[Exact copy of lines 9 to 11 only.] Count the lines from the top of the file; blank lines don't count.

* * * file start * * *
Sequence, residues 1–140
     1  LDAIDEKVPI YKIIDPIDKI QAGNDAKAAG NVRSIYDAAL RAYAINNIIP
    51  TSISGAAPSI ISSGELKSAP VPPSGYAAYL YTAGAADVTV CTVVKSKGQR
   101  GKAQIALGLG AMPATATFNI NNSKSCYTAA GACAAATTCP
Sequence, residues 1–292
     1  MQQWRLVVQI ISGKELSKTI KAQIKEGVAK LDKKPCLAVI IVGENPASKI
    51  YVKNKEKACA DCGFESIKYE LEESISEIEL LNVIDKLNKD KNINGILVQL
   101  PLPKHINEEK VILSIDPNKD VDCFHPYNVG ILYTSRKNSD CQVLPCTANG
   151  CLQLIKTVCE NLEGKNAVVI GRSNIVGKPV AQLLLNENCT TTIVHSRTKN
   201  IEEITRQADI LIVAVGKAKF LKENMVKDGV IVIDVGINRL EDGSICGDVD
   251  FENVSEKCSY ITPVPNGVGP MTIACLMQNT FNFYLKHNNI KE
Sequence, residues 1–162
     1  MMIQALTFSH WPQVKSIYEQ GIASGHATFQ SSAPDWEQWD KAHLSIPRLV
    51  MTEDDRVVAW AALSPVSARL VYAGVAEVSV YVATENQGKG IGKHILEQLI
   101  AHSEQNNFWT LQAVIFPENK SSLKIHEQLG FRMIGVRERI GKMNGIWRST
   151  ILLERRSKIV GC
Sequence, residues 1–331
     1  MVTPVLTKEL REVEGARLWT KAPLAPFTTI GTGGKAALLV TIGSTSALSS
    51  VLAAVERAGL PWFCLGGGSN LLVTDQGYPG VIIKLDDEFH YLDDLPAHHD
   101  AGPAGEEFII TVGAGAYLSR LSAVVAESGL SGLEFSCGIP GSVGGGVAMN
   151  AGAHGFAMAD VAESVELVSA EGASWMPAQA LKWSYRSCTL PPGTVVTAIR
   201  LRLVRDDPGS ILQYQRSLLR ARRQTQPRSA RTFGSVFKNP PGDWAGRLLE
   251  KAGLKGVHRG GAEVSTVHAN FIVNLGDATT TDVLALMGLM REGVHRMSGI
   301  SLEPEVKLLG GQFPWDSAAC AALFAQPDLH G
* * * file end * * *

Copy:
   151  CLQLIKTVCE NLEGKNAVVI GRSNIVGKPV AQLLLNENCT TTIVHSRTKN
   201  IEEITRQADI LIVAVGKAKF LKENMVKDGV IVIDVGINRL EDGSICGDVD
   251  FENVSEKCSY ITPVPNGVGP MTIACLMQNT FNFYLKHNNI KE